Once again he opens with a cover of an obscure doo-wop oldie, and once again his vocal delivery suggests “The Closer You Are” is supposed to be a parody, but we know better. “In France” is an extended in-joke sung by Zappa idol Johnny “Guitar” Watson that seems longer than it is. But then there’s “Ya Hozña”, predominantly a demonic-sounding solo overlaid with vocals recorded entirely backwards, to suggest something equally demonic in the wake of the then-current controversy over alleged backward-masking on rock albums. He makes his point, even if it goes on a little long. A little better is a reprise of “Sharleena”, included here to showcase young Dweezil Zappa’s pre-teen guitar prowess.
Side two consists of two lengthy pieces. “Sinister Footwear II” is another part of a longer ballet suite hinted at on You Are What You Is. It does sound rather sinister, with furious drums and guitar, and keyboards that remind us of what Ruth Underwood used to bring to the table. Whatever mood he’s trying to create is elbowed aside by “Truck Driver Divorce”, sung in his obnoxious lounge voice, which thankfully switches back after a minute and a half to another solo recorded live.
Further silliness ensues on side three, beginning with “Stevie’s Spanking”, which details some of the after-show exploits of stunt guitarist Steve Vai, who indeed solos on the track, as does Dweezil again. There’s another detour into the mildly doo-wop “Baby Take Your Teeth Out”, before returning to the jazz fusion of “Marque-son’s Chicken”. “Planet Of My Dreams” is sung in a high register by one-time keyboard player Bob Harris; a segment from yet another unrealized Broadway musical, it fades pretty quickly.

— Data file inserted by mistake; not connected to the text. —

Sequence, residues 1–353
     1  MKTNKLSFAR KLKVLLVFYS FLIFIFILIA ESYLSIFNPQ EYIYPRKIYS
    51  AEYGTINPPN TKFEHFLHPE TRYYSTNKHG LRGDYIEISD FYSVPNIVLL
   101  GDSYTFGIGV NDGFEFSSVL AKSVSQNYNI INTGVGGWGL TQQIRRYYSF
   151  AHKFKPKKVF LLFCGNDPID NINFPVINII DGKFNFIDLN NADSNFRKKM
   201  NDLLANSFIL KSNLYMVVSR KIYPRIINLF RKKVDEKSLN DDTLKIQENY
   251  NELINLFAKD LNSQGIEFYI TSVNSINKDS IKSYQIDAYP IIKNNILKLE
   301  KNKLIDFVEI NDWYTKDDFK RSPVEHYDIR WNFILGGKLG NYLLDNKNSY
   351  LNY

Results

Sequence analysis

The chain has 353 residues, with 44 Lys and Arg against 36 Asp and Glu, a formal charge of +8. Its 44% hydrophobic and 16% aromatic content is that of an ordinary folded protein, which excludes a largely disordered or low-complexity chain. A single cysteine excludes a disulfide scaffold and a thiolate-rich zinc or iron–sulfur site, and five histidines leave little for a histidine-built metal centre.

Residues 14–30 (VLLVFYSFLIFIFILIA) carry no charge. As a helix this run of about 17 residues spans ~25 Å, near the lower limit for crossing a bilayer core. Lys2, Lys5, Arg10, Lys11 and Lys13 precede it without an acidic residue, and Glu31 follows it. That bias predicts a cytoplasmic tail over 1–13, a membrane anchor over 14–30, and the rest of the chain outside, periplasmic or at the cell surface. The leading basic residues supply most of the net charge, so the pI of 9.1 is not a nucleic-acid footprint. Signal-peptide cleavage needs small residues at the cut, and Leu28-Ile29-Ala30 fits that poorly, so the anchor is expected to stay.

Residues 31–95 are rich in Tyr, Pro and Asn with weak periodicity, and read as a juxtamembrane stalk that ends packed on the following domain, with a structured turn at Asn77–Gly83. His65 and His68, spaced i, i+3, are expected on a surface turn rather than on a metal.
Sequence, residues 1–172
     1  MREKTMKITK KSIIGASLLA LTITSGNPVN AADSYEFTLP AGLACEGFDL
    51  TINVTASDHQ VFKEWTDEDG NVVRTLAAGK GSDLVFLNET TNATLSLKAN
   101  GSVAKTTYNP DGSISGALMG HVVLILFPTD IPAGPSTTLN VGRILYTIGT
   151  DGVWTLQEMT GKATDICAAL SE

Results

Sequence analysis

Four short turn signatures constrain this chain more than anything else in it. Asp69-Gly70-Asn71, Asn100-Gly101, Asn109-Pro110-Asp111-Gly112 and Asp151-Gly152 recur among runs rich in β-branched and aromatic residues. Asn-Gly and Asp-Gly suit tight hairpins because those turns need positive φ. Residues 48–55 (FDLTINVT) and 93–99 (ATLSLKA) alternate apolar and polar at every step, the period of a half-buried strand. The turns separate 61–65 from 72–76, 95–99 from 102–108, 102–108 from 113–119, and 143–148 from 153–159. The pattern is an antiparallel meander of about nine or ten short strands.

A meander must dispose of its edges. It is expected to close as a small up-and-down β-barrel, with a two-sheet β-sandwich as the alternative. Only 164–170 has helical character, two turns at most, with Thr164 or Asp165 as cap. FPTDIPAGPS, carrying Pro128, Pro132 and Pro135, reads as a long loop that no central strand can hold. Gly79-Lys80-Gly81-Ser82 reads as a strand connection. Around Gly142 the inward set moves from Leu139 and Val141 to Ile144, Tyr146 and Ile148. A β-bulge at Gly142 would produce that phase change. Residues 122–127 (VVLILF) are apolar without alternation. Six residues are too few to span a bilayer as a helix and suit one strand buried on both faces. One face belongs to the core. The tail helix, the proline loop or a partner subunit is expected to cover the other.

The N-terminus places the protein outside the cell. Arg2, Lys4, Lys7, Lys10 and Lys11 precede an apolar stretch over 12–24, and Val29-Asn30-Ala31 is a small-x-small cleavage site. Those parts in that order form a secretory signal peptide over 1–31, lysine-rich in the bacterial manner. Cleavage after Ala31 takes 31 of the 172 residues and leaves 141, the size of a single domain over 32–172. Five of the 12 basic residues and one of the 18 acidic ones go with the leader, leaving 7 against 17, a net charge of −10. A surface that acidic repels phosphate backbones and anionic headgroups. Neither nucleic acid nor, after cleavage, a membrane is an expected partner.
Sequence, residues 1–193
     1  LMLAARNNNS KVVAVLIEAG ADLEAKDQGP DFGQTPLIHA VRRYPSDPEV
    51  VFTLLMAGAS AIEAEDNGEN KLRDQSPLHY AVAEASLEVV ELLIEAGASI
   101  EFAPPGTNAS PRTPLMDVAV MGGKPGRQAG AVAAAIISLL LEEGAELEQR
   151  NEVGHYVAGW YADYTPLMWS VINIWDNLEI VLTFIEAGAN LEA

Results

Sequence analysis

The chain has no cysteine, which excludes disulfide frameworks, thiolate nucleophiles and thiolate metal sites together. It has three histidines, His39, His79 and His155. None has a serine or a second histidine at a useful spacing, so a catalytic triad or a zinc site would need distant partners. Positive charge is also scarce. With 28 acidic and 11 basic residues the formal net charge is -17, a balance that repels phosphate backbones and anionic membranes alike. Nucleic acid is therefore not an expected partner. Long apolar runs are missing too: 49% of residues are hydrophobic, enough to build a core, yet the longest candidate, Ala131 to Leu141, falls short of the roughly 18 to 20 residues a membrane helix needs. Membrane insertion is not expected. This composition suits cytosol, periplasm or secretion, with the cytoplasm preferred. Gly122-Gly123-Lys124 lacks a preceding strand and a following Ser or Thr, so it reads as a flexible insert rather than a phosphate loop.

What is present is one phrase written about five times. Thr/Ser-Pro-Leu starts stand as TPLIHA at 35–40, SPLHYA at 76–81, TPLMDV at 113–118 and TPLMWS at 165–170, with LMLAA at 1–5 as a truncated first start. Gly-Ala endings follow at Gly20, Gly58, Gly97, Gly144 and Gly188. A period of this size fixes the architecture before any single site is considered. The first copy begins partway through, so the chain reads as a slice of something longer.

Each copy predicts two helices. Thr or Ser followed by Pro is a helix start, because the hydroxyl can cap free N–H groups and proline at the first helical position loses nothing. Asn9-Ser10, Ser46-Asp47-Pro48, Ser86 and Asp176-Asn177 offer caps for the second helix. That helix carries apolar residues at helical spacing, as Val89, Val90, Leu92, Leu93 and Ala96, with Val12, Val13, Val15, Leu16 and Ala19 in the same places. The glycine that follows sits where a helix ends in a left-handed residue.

At the top of side four, “Be In My Video” is the closest the album might come to a possible hit single, or at least fodder for the Dr. Demento show, but considering its skewering of MTV culture (and specifically “Let’s Dance”, Frank still miffed that Bowie stole Adrian Belew away) it likely wouldn’t have been appreciated. The title track is another furious solo from a live show, while “Frogs With Dirty Little Lips” brings another Zappa offspring onto wax, somewhat; this time it was young Ahmet who contributed the lyrics. Finally, another cover bookends the set: a mostly reverent live rip through the Allman Brothers’ “Whipping Post”, done reggae stylee for the guitar solos.
Them Or Us is an odd mishmash. Frank had embraced digital recording for its clean sound and editing capabilities, but even modern mastering can’t keep it from sounding sterile today. There’s enough of instrumental interest here, even though there aren’t any “classic” tracks. It would also be the last album of “songs” he’d release in his lifetime.
Frank Zappa Them Or Us (1984)—3